Debt 
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Banking, Credit Card Debt & The Paradox of Choice

The paradox of choice is that the more options we are given for a particular choice, the less likely we are able to make a choice. Penelope Trunk discussed it in her article about taking a job, any job and references Dan Ariely, an MIT behavioral economist, and his book Predictably Irrational. In the book, Ariely discusses a study about how people ended up buying more jam when given six potential samples versus twenty four. Twenty four potential samples was simply too much and people ended up not deciding, even though they had more information.

How does this apply to banks and credit cards? Too much information paralyzes us. It paralyzes me. In the case of jams, there’s no pain in not buying a particular flavor. In the case of credit card debt, there’s a significant pain in not paying down a card. With a bank, there’s a bit of pain in interest not earned and a bit more if you overdraft because you forgot which account held how much (or you forget how much you need to keep in an account to avoid fees because you have too many accounts). Too much information, like juggling many balls, hampers our ability to make good decisions and causes us unnecessary pain.

The solution is the simplify your finances.

If you have credit card debt, pay down the smallest amounts first. This may sound similar to Dave Ramsey’s Snowball technique and that’s because it is. However, rather than focusing on the psychological benefits (yay! another debt conquered! let’s get the next one!), I argue that removing one headache from your life, even if it’s not the most financially distracting one, is beneficial. Next, try to consolidate bigger debts into as few accounts as possible without sacrificing the interest rate. By not sacrificing the interest rate, I mean don’t consolidate lower interest cards to higher interest cards (which sounds obvious but sometimes we make mistakes). The number of credit cards offer zero fee 0% balance transfers are dwindling but they often have a fee transfer cap that could be to your benefit.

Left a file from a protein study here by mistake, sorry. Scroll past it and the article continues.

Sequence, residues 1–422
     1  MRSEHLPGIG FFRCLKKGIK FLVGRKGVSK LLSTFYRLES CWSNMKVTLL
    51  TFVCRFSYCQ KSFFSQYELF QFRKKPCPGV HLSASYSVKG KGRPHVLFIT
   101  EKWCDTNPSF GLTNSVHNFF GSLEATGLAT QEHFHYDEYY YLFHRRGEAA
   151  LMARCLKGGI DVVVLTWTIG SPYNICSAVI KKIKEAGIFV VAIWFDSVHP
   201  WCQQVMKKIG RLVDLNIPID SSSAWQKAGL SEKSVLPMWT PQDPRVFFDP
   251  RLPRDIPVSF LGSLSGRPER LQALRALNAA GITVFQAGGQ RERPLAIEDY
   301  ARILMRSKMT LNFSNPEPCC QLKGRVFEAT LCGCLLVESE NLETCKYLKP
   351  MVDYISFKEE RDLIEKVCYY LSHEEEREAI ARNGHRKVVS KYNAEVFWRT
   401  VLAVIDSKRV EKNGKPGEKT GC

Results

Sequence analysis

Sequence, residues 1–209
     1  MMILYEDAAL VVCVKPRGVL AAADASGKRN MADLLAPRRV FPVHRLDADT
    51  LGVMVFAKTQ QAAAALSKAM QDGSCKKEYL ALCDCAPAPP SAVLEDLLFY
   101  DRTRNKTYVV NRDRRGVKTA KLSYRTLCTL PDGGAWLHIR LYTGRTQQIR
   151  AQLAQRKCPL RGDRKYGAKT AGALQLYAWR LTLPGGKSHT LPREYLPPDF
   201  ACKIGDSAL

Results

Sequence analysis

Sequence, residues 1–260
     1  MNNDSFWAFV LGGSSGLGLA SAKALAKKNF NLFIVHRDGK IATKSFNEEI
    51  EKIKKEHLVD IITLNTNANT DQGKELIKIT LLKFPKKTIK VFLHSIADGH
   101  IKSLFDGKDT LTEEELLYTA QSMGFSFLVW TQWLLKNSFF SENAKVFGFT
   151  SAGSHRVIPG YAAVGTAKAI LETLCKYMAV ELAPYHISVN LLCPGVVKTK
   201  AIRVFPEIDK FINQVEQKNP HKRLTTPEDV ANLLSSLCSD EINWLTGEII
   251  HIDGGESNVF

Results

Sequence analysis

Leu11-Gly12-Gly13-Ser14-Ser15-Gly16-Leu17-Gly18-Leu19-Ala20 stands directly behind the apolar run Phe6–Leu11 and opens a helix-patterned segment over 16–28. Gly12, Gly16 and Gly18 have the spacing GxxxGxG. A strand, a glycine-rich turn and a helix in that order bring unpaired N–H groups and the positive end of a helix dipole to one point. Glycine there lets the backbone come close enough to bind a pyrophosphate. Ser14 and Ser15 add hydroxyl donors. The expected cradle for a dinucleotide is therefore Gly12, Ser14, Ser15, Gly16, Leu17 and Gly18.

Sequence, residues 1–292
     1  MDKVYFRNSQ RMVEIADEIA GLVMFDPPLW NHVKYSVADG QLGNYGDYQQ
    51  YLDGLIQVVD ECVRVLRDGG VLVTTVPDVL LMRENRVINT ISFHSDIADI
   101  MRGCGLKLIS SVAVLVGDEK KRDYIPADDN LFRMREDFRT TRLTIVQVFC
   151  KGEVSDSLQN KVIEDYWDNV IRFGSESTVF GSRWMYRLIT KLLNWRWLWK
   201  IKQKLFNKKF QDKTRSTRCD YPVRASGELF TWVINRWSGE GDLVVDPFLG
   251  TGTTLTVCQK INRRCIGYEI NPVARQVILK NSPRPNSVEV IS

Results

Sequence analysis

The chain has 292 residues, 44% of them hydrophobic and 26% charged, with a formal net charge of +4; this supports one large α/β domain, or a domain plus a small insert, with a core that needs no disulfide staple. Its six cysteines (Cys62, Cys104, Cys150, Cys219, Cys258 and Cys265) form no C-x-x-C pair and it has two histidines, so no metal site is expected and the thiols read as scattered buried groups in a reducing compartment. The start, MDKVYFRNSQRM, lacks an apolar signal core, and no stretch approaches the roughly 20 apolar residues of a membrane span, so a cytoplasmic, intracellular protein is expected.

With banks, don’t keep accounts you no longer need. I kept an old employer’s credit union account open for a year and a half and it cost me $20. I had transferred money into that account from my Emigrant Direct account and written a check. The check didn’t get cashed for several weeks and before it could be cashed, I went into my account and saw some money sitting around. Not remembering why the funds were there earning a low interest rate, I transferred them back and got dinged with an NSF. While I was able to get the NSF removed, it was entirely my mistake but caused by keeping an account I didn’t need or use anymore. There are no negative credit impacts of closing bank accounts, so close the ones you don’t need anymore and drop juggling that ball.

Simplify your life and reduce the number of things your brain has to manage, you’ll be happier and richer for it.

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On a happier note, my post on the Top 5 Online Banks made it into this week’s Carnival of Personal Finance hosted by Canadian Dream.


 Debt 
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Personal Finance Psychology

“I usually keep my card wrapped in a picture of my children to remind me of why I shouldn’t spend … ”
                                             – Trent of The Simple Dollar

If you think money is about dollar and cents and things you can hold in your house or your hand, you’re wrong. Personal finance may seem like it’s all about the numbers, where you have to spend less than you earn, where you have to save up an emergency fund, where you have to invest in the stock market and get your 10% return; but the truth of the matter is that personal finance is more about psychology than it is about mathematics. Everyone knows that you have to spend less than you earn, no one is so disconnected or so poorly educated that they don’t realize how basic math works. It’s like physical fitness, we all know what we’re supposed to do, we just have difficulty remember to do it.

Trent made the above quoted statement in response to my post about how you should write your goals on your credit cards. My tip was a simple reminder, his was a simple reminder packed with the power of psychology. You can easily write the goal on your credit card and then dismiss it when you need to spend. Dismissing a picture of your children, the reason you live, breathe, and work every single day… dismissing that would take a Herculean effort. But it works. Trent knows he shouldn’t splurge on food or kitchen tools or video games, JD knows he shouldn’t splurge on comic books, and I know I shouldn’t splurge on vacations. Slap a picture on it, of either your kids or your cats, and it drives that point home like a jackhammer.